All In A Day’s Work

A high school friend of mine who lives in Texas, Jim, posted this on Facebook over the weekend:


Q: Why does world-famous violinist Joshua Bell make $1M for each performance?

A: Because no one is stupid enough to pay him $2M – he’s just not worth that much.

(Implication: what you do has value. A finite value. And if someone else can and will do the same things you can do, for less money, then your value has been reduced to that lower amount. Unless, of course, one of a number of things happens:

  1. that other person is already working for someone else (more jobs, scarcity of labor),
  2.  you increase your value (through experience, education, or any of a sea of other factors),
  3. you decide to assume a greater share of the risk (starting your own business doing what you do, for example), or
  4. you find something new that you can do which will have greater value (new career, more responsibility, …).

What is exciting about all of these options is that, except for the first one, all are activities that you can do yourself. They don’t require that you supine yourself before some benefactor who will then own your future. What went so wrong with a society that no longer recognizes the beauty inherent in self-determination?


What’s wrong is that we have a large, powerful interest in our society that profits handsomely from selling victimhood and dependence; the idea that all violinists, even people who’ve just picked up the instrument, should be making a “living fee” for their performances, just from pure fairness.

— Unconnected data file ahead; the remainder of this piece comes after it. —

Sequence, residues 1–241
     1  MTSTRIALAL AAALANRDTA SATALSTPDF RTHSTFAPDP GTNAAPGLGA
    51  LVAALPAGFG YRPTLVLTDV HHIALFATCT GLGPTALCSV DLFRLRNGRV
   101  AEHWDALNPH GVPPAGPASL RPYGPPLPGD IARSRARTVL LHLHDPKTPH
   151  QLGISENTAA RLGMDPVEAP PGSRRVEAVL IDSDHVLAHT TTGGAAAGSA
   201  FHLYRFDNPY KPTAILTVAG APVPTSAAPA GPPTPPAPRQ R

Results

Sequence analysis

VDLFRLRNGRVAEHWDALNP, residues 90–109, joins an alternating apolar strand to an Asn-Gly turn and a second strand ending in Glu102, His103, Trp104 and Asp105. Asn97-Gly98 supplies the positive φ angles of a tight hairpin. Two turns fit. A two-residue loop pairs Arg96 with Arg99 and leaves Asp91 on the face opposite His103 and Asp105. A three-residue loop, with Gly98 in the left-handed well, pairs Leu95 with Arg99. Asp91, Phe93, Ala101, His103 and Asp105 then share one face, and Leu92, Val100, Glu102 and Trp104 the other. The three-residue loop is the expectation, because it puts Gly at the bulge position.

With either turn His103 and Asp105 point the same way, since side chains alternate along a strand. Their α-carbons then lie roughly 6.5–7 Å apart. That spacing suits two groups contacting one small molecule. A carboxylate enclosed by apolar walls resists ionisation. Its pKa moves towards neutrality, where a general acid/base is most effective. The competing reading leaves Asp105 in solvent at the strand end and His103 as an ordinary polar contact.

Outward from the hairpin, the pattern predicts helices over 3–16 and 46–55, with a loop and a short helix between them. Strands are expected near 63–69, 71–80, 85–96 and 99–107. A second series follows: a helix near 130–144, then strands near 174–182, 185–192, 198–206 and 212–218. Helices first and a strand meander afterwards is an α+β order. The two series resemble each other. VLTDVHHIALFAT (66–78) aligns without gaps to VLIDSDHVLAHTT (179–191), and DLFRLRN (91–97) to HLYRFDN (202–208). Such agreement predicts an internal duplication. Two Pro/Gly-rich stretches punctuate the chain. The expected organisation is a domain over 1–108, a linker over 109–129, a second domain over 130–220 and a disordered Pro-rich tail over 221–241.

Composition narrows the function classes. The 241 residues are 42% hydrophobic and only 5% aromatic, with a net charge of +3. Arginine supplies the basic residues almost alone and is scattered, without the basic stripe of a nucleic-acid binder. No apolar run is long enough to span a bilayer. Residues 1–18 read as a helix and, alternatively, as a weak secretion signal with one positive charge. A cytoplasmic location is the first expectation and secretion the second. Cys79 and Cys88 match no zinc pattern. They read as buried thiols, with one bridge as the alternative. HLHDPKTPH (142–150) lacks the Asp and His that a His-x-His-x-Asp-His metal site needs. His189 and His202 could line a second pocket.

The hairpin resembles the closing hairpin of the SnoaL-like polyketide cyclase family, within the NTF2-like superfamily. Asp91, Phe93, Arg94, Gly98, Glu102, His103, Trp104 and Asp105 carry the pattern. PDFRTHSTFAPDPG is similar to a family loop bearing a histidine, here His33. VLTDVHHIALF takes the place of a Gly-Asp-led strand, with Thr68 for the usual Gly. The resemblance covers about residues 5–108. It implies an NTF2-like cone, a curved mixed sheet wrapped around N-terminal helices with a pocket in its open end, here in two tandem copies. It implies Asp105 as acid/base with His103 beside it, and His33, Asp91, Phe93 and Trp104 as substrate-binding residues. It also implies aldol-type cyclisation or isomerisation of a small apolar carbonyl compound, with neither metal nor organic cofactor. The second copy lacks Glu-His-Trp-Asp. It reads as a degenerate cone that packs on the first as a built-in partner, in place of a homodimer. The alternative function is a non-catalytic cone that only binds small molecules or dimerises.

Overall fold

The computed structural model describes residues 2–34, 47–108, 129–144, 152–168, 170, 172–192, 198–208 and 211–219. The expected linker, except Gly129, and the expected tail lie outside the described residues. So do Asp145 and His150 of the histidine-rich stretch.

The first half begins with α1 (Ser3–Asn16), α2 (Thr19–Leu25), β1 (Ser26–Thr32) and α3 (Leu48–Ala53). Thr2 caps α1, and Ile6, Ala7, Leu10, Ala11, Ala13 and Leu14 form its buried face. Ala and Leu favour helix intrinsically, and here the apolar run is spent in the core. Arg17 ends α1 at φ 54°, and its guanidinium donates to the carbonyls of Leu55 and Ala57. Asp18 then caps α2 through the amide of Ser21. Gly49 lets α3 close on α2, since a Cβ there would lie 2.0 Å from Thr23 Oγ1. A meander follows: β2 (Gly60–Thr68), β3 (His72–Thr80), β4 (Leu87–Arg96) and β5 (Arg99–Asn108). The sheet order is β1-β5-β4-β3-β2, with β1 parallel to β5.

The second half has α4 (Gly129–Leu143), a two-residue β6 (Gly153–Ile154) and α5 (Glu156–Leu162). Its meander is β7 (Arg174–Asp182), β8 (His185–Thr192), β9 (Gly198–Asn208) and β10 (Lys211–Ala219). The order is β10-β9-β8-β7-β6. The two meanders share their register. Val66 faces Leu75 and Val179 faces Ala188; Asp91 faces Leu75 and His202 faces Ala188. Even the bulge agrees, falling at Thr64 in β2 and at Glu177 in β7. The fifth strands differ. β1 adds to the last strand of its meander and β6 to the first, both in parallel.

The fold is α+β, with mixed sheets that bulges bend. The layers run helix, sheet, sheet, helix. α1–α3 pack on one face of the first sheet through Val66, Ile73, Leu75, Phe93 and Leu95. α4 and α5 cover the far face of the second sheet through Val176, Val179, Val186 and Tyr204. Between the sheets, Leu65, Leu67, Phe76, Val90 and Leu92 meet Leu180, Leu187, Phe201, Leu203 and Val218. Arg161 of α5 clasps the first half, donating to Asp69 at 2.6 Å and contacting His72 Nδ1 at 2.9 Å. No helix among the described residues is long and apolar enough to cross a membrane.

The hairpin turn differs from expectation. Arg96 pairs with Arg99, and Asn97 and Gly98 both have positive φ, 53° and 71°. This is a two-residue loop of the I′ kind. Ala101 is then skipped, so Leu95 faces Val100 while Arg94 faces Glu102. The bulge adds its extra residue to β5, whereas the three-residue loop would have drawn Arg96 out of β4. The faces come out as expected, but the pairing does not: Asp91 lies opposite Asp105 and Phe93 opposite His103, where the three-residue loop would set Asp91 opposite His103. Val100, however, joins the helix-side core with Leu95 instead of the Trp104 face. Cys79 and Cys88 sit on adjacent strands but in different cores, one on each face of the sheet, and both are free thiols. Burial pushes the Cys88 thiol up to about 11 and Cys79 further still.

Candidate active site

It’s a way of buying votes but making someone else pay for it.

2 thoughts on “All In A Day’s Work

  1. The 21st century economy will have an increasing number of workers who are free agents, hired on temporary contracts. Providing group benefits and small business services (legal help, collections, accounting, various forms of insurance), together with networking opportunities, is a niche which is waiting to be filled by groups such as freelancers. Workplaces with large groups of undifferentiated low-skilled workers, the traditional home of unions, are shrinking due to technology and globalization. In a modern economy, ironically, unions need to transform to something more like guilds from the middle ages, providing structure in a free-agent economy.

  2. I’ve heard this prediction about freelancing and contracting before, Emery.
    It’s not very efficient. There are show-leather expenses that do not add value, and are born by the worker.
    Also, it’s a capitalist’s dream. Wannabe workers are forced to sell their labor in a commodity market where it is impossible to sell at higher than cost. The capitalist, however, is free to use economies of scale and barriers to market entry to ensure an economic profit.
    If the future you predict has any chance of coming to pass, it should be stopped.

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